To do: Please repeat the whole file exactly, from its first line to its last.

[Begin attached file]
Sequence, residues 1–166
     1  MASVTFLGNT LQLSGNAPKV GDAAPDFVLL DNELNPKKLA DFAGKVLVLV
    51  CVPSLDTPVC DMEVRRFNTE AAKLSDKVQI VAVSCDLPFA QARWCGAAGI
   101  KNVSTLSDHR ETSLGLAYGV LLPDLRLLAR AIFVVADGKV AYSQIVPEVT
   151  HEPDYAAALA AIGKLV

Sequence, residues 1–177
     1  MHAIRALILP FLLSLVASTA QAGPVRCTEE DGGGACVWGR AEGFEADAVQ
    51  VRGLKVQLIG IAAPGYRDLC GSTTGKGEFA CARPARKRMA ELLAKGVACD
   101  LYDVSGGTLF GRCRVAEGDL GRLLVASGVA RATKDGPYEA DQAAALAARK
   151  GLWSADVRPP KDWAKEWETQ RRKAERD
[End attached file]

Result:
Sequence, residues 1–166
     1  MASVTFLGNT LQLSGNAPKV GDAAPDFVLL DNELNPKKLA DFAGKVLVLV
    51  CVPSLDTPVC DMEVRRFNTE AAKLSDKVQI VAVSCDLPFA QARWCGAAGI
   101  KNVSTLSDHR ETSLGLAYGV LLPDLRLLAR AIFVVADGKV AYSQIVPEVT
   151  HEPDYAAALA AIGKLV

Sequence, residues 1–177
     1  MHAIRALILP FLLSLVASTA QAGPVRCTEE DGGGACVWGR AEGFEADAVQ
    51  VRGLKVQLIG IAAPGYRDLC GSTTGKGEFA CARPARKRMA ELLAKGVACD
   101  LYDVSGGTLF GRCRVAEGDL GRLLVASGVA RATKDGPYEA DQAAALAARK
   151  GLWSADVRPP KDWAKEWETQ RRKAERD